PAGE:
Approximately 240 million global migrant workers are working in other countries to send home around $466 billion to their families on an annual basis. While migrant workers may have moved away from home in an effort to support their families with a better quality of life, the reality of the conditions in which they frequently find themselves working can be very concerning.

Many migrant workers deal with human rights violations like exploitation, abuse, denial of rights and victimization that resembles the work of modern-day slaves. It is incumbent upon organizations hiring migrant workers to treat them respectfully and as fully capable employees.

Another issue for migrant workers is job misrepresentation. There have been cases in Africa where migrant workers were attracted to jobs and given positions, but were then turned into pawns in large-scale human trafficking operations. This issue is of global importance as more and more individuals put themselves and their children at risk when they are trying to obtain employment opportunities.

Globally, many companies and governments have now begun to provide migrant workers with a standard level of employment and human rights. A number of developed nations are operating together to generate a set of harmonized laws that would govern more regions in regard to international labor. Additionally, with increased levels of policing and monitoring, authorities are optimistic that migrant workers will have less potential of falling victim to poor working conditions.

Countries such as Morocco have passed laws for domestic workers, for example, to ensure they receive contracts when they are hired for a job, are guaranteed at least a minimum wage, a reasonable amount of days off work, and a maximum number of hours that can be worked within one pay period. More countries are being encouraged to develop these standards to ensure the protection of migrant workers’ overall human rights, as well as their health and safety while working away from home.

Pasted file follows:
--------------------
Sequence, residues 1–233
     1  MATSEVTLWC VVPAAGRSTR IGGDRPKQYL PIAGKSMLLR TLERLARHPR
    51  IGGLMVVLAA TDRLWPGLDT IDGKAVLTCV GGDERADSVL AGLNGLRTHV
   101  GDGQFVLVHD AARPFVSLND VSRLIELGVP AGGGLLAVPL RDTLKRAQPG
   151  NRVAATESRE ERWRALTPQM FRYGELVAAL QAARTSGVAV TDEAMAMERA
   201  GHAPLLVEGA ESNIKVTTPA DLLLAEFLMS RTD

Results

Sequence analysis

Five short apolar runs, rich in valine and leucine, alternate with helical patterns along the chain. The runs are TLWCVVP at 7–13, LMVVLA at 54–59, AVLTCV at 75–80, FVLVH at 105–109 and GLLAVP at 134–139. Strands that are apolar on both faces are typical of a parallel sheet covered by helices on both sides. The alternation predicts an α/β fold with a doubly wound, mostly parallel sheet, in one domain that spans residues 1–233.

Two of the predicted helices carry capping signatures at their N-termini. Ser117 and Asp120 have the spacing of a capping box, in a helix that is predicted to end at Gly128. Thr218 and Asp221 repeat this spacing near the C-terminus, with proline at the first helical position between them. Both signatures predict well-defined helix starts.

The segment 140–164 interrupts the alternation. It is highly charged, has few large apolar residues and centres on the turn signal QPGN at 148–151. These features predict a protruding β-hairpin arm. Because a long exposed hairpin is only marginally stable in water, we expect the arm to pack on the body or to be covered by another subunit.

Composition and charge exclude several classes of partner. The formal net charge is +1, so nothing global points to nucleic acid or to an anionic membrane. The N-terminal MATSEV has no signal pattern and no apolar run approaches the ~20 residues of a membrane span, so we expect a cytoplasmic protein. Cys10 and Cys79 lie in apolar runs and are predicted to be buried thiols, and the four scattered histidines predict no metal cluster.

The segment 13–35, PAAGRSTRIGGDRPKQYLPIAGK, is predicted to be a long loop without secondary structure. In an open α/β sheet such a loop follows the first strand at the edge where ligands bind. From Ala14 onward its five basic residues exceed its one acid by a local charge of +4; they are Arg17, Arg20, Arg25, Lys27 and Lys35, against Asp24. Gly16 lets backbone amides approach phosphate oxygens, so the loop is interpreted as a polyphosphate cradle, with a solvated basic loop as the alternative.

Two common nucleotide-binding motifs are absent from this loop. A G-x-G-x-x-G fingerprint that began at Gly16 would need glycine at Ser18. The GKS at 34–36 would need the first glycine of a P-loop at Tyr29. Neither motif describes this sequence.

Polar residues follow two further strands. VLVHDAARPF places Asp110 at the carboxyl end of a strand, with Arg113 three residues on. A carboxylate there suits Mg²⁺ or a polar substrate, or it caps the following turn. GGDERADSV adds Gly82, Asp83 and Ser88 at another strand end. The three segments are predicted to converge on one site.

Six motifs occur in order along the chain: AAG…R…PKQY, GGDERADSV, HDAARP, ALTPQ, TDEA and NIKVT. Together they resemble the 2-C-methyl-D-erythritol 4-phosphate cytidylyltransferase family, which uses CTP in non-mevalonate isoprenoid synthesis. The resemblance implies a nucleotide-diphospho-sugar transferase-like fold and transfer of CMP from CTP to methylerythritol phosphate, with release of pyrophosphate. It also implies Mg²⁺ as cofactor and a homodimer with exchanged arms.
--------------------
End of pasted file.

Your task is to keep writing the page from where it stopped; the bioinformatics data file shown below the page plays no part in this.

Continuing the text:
We are also now seeing countries such as Qatar and Bahrain creating legal protection centers where abused migrant workers can seek legal advice and sanctuary in a time of need. Knowing there are organizations helping with watching and caring for migrant workers is expected to affect how employers treat all of their employees in the future, regardless of whether they are domestic or international workers.

The International Labour Organization has described the developing changes for migrant workers in their 2018 annual report. The ILO is leading with an assumption that if more, corrective policies are in place, then global migration may help different countries respond to shifts in their ever-changing labour supply and demand. These policies may also help to stimulate more innovation within countries and organizations as well as help create opportunities for sustainable and transferable skills for migrant workers.

It is up to the national governments of countries employing global workers to ensure that policies are updated and mandated in order to support the overall human rights of migrant workers, while supporting those organizations hiring migrant workers within their borders. With more emphasis on providing migrant workers with respect and care within their workplace, more policies and protection may be able to reduce the negative effects of working as a migrant. To learn more about global compliance and employment law research, click here